The next component of this that I felt was very important was the importance of the hidden training. What I mean by the hidden training is very simple; it is what they do when they are away from the pool. It is really the harder part, because it is out of our control. It is their sleep habits and their nutrition habits and the decisions that they make as far as what they are willing to sacrifice. When you are dealing with high school aged kids, obviously there are a lot of choices, a lot of temptations that they come across. They need to understand that if they are staying out late, like you have a 5 AM Saturday morning workout and they stay out until 2 AM, that that will compromise the end of the season result. They need to know they are accountable and they need to be responsible for those choices. The thing that I always talked to them about was that we look for opportunities, rather than excuses, and when you have accountability on them and they have ownership, then they understand. Every high school aged kid is going to look for excuses. There are excuses not to do the work, excuses to occasionally take a day off here and there. I always told them excuses are easy to come by. The champions are the ones that will look for opportunities to become better. Another thing I really came to believe in, and it is something that I think is more common in coaching women, and that is I really wanted them to become assertive. It is all tied in again with the ownership thing. A few years back, I had a girl that was swimming at Oregon State University for Larry Liebowitz, and she came home for Christmas or spring break. She had a shirt that said, “Timidity is the Enemy of Success.” I thought it was a great shirt, because I truly believe that we all have athletes that tend to shy away, or stay in the back and never step out and become risk takers. That was something that I would talk to them about, the importance of needing to be assertive. The need to be willing to take a risk, and when I talk about risk, I mean good risks. There is the willingness to attempt to do great things, and not being afraid to fail. We all have athletes that are very assertive. We know the ones that kind of seek out and are willing to take on that role of risk taker. I think they are a step above, not like the kind who shies away from the role. They are the ones I would talk to about the need to be assertive.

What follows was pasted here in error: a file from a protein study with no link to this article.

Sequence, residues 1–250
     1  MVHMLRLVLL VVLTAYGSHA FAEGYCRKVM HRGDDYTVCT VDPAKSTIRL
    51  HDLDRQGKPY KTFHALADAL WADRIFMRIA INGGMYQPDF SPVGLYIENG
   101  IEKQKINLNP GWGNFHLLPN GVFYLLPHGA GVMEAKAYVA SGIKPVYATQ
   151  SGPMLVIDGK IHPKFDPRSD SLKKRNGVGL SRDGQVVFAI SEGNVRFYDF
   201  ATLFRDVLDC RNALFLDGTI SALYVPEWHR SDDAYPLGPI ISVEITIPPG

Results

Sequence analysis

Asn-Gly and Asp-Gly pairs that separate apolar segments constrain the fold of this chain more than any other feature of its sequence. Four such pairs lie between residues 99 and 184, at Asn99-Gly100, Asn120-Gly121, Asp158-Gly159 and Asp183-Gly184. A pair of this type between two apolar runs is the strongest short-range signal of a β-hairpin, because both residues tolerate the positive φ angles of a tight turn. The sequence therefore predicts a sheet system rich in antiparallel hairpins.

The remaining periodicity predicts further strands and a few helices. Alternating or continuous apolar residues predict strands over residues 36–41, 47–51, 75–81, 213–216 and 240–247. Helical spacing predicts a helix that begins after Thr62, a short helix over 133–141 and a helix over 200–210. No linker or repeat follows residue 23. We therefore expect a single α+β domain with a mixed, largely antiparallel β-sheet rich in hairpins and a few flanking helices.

I believe you want to create an environment that makes them enjoy coming to the pool. I think, for me, it was something that I really appreciated, long after I was done, as I swam for a club coach during my high school years that I couldn’t wait to get to the pool in the afternoon. I loved going to workout, and I loved being with my teammates. A lot of it, the bigger part of it was, again, my coach created this environment where we wanted to be there. He understood human nature. We worked hard, but he created an environment where kids were excited to come to the pool. I think today, sometimes we forget that there certainly are programs out there that miss the point. To me, you want to try and provide a great environment, and that is not to say that you are straying away from giving them hard work, but it is important to get the kids to want to come. I think it is important that your athletes know that you care about them outside of the pool. I think this is something to work on. I know it is necessary to get after your athletes, you can be rather stern with them, and they need to know it is not a personal thing, and that even though they are getting reproached, you still care.